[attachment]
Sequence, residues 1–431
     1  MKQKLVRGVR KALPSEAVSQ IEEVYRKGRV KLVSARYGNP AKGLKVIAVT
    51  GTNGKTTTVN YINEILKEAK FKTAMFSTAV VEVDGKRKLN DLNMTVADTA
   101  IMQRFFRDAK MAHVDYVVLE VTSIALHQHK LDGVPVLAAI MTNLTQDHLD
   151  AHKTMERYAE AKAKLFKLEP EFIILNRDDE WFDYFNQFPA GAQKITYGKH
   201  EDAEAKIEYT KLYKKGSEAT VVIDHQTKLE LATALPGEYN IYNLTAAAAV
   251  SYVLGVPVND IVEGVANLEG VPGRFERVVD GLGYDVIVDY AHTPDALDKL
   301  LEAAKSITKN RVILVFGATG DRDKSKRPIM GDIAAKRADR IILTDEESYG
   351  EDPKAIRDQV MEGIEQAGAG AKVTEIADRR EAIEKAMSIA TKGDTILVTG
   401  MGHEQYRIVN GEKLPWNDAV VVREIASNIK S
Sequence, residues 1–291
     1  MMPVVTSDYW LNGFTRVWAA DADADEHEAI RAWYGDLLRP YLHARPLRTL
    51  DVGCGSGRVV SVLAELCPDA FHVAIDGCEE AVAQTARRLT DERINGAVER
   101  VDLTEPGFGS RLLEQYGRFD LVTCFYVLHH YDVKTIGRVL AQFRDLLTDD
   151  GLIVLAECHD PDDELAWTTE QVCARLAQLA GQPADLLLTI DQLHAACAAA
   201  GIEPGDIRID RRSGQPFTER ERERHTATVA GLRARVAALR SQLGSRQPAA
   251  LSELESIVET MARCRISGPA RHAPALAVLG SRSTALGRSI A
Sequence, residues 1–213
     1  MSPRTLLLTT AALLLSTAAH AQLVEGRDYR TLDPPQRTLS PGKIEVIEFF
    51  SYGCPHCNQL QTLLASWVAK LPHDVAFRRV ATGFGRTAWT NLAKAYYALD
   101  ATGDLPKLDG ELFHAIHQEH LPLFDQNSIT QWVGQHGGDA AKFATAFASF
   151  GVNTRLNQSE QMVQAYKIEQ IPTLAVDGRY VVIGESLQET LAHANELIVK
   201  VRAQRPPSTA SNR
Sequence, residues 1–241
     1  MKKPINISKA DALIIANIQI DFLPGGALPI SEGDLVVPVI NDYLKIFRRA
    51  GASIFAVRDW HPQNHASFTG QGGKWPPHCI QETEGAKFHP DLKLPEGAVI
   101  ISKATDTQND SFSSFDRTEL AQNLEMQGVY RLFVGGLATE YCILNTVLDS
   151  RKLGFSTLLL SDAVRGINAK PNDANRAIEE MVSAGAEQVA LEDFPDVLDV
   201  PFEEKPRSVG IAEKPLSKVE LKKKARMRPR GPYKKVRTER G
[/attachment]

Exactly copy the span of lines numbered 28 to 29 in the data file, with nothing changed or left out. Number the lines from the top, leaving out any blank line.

   151  RKLGFSTLLL SDAVRGINAK PNDANRAIEE MVSAGAEQVA LEDFPDVLDV
   201  PFEEKPRSVG IAEKPLSKVE LKKKARMRPR GPYKKVRTER G